Indeed, Owens called the show his “fuck-you to conventional beauty.” And there we have it. The Owens show is less an expression that women of diverse races and body types can be beautiful, than a designer using brown bodies to present what he believes is anti-beauty to flip the fashion script. I think, this is not so much progress as business as usual.

Abused Goddesses, Orientalism and the Glamorization of Gender-Based Violence

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By Guest Contributor Sayantani DasGupta; originally published at Feminist Wire

The Abused Goddesses of India. The advertisements, created by Mumbai-based ad firm Taproot India, have been making the rounds – not only of my Facebook friends’ walls, but of many a feminist and progressive site including Bust, Ultraviolet, V-Day and MediaWatch, usually along with reactions like “powerful” and “heartbreaking.”

The images are unusual in their aesthetic appeal. After all, it’s not every day that you see the Hindu Goddesses Laxshmi, Saraswati or Durga made to appear as if they have been subject to gender-based violence – with tear stained faces, open cuts and battered cheekbones. But even despite (or because of?) the bruising around those divine eyes, the images are breathtaking – recreations of ancient Hindu paintings accurate to their last bejeweled crown and luscious lotus leaf.

I’ll admit it, I too was entranced by these ads when I first saw them. Having grown up in the heart of the American Midwest at a time when no one in the media looked even remotely like brown-skinned and dark haired me, I have a particular soft spot for images of glamorous Indian women. After childhood and teenage years believing that no one who wasn’t a blonde, blue-eyed Christie Brinkley look-alike could be deemed ‘beautiful,’ I’m still a complete sucker for images of traditional Indian beauty.

Yet, no matter how appealing, these ads are also deeply problematic. The reasons are multiple:

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Quoted: On America’s Reaction to Miss America, Nina Davuluri

‘How the f--k does a foreigner win miss America?’ One man tweets after Nina Davuluri’s historic win.

The former Miss New York and Miss America crowning Miss. New York as the new Miss America, via NY Daily News

Keyboards just have a way of bringing out the racist in everyone. Gotta love America.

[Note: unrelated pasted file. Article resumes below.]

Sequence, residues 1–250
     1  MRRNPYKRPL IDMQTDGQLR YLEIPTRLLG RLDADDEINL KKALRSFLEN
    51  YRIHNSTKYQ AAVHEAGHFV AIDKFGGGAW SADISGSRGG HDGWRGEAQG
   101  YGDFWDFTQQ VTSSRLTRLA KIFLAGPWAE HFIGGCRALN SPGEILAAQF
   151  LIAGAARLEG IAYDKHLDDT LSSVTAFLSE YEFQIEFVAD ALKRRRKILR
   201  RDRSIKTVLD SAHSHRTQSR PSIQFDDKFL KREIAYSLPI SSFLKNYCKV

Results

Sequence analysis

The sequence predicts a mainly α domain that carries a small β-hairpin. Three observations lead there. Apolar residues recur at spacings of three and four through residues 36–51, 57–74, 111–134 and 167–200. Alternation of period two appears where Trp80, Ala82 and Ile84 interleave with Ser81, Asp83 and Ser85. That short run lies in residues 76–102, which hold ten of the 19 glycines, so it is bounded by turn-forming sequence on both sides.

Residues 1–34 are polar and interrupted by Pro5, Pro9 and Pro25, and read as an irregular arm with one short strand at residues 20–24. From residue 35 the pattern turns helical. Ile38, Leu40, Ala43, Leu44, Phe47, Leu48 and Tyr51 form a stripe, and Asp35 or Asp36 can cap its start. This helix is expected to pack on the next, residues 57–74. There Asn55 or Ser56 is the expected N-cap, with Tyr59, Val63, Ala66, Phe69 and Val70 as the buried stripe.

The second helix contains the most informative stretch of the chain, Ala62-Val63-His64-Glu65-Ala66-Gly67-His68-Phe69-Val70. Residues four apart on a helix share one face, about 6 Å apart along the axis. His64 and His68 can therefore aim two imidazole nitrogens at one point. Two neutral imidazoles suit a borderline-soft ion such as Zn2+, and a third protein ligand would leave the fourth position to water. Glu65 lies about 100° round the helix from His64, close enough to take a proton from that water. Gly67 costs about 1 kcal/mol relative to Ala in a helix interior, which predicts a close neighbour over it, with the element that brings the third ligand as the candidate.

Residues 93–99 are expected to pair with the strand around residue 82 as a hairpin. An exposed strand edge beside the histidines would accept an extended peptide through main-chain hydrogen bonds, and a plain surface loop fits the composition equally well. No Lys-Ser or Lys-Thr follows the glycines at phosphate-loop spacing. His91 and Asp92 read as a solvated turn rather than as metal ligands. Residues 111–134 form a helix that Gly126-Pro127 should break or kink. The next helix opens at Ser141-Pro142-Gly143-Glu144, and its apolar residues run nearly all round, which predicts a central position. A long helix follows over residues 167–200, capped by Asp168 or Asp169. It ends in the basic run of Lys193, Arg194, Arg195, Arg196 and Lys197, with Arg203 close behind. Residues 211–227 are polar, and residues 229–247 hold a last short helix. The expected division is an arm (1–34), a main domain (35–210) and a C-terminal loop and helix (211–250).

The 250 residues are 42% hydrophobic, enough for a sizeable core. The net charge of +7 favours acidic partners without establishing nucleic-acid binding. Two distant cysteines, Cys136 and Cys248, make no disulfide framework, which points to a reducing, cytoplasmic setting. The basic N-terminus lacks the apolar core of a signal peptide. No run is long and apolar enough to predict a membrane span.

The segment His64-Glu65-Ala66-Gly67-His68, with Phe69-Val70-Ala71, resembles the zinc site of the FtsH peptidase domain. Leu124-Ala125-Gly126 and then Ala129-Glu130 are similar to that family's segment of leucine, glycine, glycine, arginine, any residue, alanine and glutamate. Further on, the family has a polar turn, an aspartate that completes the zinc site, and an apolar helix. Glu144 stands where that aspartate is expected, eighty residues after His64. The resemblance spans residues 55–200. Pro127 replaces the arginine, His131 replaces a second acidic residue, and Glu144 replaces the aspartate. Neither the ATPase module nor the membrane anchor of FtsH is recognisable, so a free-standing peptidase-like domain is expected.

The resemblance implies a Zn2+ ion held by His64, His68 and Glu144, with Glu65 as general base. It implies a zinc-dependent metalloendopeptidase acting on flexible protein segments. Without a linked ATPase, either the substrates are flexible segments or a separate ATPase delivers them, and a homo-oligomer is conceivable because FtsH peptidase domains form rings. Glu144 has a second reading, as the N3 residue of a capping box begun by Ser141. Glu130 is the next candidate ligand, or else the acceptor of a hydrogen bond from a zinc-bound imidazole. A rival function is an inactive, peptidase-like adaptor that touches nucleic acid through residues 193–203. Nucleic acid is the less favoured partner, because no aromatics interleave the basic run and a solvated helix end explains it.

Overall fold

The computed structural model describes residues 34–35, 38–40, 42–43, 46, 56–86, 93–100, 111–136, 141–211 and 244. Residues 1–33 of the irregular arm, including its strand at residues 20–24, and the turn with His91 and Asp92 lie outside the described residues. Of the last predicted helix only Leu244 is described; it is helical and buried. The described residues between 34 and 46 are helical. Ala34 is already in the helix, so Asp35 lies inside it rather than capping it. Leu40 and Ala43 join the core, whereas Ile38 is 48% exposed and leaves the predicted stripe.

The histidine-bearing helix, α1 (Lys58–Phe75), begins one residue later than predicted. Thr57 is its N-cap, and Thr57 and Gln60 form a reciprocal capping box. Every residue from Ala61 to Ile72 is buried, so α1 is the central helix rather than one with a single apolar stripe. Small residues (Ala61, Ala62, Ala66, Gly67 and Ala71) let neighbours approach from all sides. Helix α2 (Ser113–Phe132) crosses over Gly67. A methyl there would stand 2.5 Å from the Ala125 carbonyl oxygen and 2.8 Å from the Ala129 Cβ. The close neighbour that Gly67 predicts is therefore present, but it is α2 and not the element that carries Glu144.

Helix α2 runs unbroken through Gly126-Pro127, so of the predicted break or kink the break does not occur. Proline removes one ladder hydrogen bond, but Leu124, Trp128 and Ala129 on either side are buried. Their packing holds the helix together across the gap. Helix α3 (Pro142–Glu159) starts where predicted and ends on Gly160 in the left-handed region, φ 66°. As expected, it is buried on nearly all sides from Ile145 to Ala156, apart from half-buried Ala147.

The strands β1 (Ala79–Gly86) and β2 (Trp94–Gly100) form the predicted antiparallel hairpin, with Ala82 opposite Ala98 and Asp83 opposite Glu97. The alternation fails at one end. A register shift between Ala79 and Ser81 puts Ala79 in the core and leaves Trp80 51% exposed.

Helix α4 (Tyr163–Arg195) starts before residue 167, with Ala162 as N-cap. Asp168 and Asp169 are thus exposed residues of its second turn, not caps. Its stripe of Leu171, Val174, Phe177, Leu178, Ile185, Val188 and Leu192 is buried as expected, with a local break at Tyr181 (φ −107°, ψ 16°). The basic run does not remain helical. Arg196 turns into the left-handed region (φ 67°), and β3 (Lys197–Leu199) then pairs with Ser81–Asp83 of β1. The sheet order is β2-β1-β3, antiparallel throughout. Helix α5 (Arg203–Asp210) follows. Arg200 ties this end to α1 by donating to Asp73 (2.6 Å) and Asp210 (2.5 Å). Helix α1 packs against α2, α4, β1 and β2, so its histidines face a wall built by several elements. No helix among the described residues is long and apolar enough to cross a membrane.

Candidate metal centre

But a harsh reality is that Miss America, would never be Miss India.  They’re about as messed up when it comes to colorism as other people are.  A former coworker always discussed how her darker Indian family members were discriminated against, and even her own mother warned her to keep her daughter out of the sun so she wouldn’t get dark.  She also used to joke about the Fair & Lovely skin lightening commercials that permeate the airwaves in India.  Coincidentally, Fair & Lovely is a product of Unilever, who also makes Dove.

As Lakshmi Chaudhry, sarcastically but truthfully, wrote on First Post, “That gorgeous chocolate may play as exotic in the West, but in India, we prefer our beauty queens strictly vanilla — preferably accessorised with blue contact lenses.”

-”An Indian-American Was Crowned Miss America & The Racists Reared Their Ugly Racist Heads” by Yesha Calahan via Clutch Magazine

#POC4culturalenrichment: The Racialicious Interview

By Arturo R. García

All tweets posted with permission of Suey Park.

Colorado State University graduate student Suey Park opened up another welcome Twitter discussion into diversity and race relations over the weekend when she coined the tag #POC4culturalenrichment, which picked up steam within a day of her beginning to recount her own experiences. But rather than try to sum up the story, we contacted Park — who has also blogged about the #KeepVeronicaHome campaign — to get her account of what led her to delve into the topic, and where it led her.